At that time, he visited the riverbank every day of the week.

On the first day, he collected more than 25 kilograms of trash from the riverbank, which had long been a dumping ground for garbage. The amount doubled on the second day, and again on the third.

"I'd say those days were some of the most unforgettable of my life. To be frank, I could not sleep the night before I started because I had an inner struggle," he said, recalling his concerns about people's opinions of him and whether they would look down on him as a "waste collector".

He also had to battle the harsh weather conditions. It was December in the southern province, where the generally humid climate exacerbates the feeling of being cold on winter mornings.

"On rainy or snowy days, the wind was like a knife that cut deep into my skin," he said.

"I dared not slacken off even once, because if I had done so, I would have found a million excuses not to go the next time."

Even more hurtful, though, was the barrage of unflattering opinions and misunderstandings from friends, neighbors and even passersby who questioned his motives. Many believed he was being paid to do the work or assumed he was only conducting the cleanup campaign to gain fame.

Other people laughed at what they saw as his stupidity and stubbornness.

"They thought I would never accomplish the task, because even if I cleaned up the riverbank one day it would be littered again the next," he said.

Volunteers remove garbage during an operation on the banks of the Yangtze River in Yichang, Hubei province, on the fifth day of Chinese New Year.  (PHOTO PROVDIED TO CHINA DAILY)

Growing popularity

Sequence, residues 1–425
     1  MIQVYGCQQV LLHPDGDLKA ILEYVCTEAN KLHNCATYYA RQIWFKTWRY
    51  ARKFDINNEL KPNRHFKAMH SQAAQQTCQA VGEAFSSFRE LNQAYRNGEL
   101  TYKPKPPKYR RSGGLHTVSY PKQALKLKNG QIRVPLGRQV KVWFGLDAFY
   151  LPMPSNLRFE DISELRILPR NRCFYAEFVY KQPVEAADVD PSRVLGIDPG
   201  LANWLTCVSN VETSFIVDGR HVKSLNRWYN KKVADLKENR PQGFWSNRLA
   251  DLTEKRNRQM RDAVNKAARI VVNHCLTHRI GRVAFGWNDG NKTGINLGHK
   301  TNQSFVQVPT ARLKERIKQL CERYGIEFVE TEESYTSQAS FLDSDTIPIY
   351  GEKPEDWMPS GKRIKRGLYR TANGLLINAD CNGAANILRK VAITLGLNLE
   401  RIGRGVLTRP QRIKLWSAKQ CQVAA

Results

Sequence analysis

However, the critical comments subsided as Li persisted with his task, and a growing number of people showed their support by sharing his vision of a pristine riverbank.

In October 2016, Li founded Sanxia Yigong, which has about 380 active members and many more occasional participants.

He said that since the group was founded, the number of contacts on its WeChat account has risen sixfold to 3,500, and many people express deep interest in the group's activities.

To avoid short-lived popularity, Li has led by example. He has only missed three of the group's more than 500 collective operations, and each time he had a sound reason.

"Once was because I had to attend a crucial meeting related to my work, and once was for a relative's funeral. On the other occasion, I had to drive my son to the place where he took the national college entrance exam," he said.

In addition to support from the public, local authorities have also stepped in to aid his endeavors.

At first, the ant workers were unable to find suitable places to dispose of the garbage they collected, so they had to pile the trash up on the riverbank and hire a truck to carry it away every few weeks.

Now, authorities in the city's Xiling district have set up an office to assist the workers' activities, and also provide a truck to transport the waste immediately after every operation.

Li refuses all offers of financial assistance from local businesses. "We only accept donations such as trash bags, rubber gloves and bottled water," he said.

"I like to ask for donations on our WeChat moments feed, where users can share photos with captions or websites, because it helps to get them more involved in the process."

It seems that things are developing in Li's favor. According to the Yichang government, more than 600,000 volunteers have joined various activities designed to help restore the local environment, which is something the city can be proud of.